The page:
A UNSW-led team of researchers studying bottlenose dolphins that use sponges as tools has shown that social behaviour can shape the genetic makeup of an animal population in the wild.Some of the dolphins in Shark Bay in Western Australia put conical marine sponges on their rostrums (beaks) when they forage on the sea floor — a non-genetic skill that calves apparently learn from their mother.Lead author, Dr Anna Kopps, says sponging dolphins end up with some genetic similarities because the calves also inherit DNA from their mothers. As well, it is likely that sponging dolphins are descendants of a “sponging Eve,” a female dolphin that first developed the innovation.”Our research shows that social learning should be considered as a possible factor that shapes the genetic structure of a wild animal population,” says Dr Kopps.”It is one of the first studies to show this effect — which is called cultural hitchhiking — in animals other than people.”The study is published in the journal Proceedings of the Royal Society B.Dr Kopps and her colleagues identified individual dolphins in western Shark Bay about 850 kilometres north of Perth. They observed them from a boat as they foraged for food, travelled around the bay, rested, and played with other dolphins.Genetic samples were also taken, and analysed for mitochondrial DNA type, which is only inherited from the mother.It was found that the dolphins that lived in shallow waters, where sponges do not grow, mainly fell into a genetic group called Haplotype H.The dolphins living in deep waters, where sponges do grow, were predominantly Haplotype E or Haplotype F.”This striking geographic distribution of a genetic sequence cannot be explained by chance,” says Dr Kopps, who carried out the research while at UNSW and is now at the University of Groningen.As well, the DNA results from 22 dolphins that both lived in deep water and used sponges as tools showed they were all Haplotype E.”For humans we have known for a long time that culture is an important factor in shaping our genetics. Now we have shown for the first time that a socially transmitted behaviour like tool use can also lead to different genetic characteristics within a single animal population, depending on which habitat they live in,” she says.The team includes UNSW’s Professor Bill Sherwin and researchers from the University of Zurich and Murdoch University.Story Source:The above story is based on materials provided by University of New South Wales. Note: Materials may be edited for content and length.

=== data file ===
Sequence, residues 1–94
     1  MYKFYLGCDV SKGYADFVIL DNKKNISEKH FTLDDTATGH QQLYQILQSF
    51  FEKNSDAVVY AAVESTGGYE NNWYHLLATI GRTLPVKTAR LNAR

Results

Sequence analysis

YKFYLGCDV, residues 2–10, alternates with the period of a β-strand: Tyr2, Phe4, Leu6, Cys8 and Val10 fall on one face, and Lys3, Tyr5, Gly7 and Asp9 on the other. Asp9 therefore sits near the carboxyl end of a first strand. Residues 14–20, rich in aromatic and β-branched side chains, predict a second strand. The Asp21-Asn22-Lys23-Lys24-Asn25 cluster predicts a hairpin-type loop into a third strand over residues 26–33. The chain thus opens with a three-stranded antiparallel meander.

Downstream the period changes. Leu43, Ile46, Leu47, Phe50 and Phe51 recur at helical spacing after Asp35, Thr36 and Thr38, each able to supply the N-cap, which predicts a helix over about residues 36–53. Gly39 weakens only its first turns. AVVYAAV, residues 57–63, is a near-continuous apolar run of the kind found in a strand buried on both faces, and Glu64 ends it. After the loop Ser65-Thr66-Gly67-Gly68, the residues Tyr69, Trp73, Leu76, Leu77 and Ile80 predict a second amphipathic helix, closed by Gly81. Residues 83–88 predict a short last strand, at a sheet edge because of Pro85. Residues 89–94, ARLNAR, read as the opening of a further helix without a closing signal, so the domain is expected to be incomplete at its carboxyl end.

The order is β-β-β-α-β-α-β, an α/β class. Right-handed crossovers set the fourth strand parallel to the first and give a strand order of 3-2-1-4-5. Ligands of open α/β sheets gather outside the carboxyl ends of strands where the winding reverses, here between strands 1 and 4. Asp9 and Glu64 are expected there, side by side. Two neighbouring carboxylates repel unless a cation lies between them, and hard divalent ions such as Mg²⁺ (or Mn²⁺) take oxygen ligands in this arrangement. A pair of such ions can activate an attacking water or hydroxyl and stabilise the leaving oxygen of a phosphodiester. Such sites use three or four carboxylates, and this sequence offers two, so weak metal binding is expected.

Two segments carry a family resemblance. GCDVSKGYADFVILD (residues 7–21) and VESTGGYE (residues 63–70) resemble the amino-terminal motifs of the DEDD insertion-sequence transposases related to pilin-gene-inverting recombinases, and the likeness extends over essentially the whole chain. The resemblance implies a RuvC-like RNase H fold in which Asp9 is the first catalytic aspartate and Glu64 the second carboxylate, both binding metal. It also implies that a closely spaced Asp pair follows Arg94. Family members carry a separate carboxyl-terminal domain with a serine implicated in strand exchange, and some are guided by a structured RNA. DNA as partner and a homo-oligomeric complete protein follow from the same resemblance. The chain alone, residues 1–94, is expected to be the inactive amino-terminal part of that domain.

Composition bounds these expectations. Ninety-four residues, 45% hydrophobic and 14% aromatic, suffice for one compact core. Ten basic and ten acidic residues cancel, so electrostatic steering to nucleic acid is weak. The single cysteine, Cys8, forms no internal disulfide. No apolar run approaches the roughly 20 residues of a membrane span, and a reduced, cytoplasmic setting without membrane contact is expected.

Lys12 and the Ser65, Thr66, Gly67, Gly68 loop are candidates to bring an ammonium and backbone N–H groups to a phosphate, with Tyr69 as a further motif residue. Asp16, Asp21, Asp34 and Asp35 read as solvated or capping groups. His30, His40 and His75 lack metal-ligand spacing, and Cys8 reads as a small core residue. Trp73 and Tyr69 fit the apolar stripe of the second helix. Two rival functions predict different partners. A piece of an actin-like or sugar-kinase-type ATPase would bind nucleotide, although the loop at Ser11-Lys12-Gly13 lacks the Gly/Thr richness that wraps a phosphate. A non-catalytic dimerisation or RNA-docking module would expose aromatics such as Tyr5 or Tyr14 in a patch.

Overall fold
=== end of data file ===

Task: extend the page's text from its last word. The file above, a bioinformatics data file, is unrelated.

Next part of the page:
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Link between missing DNA, birth defects confirmed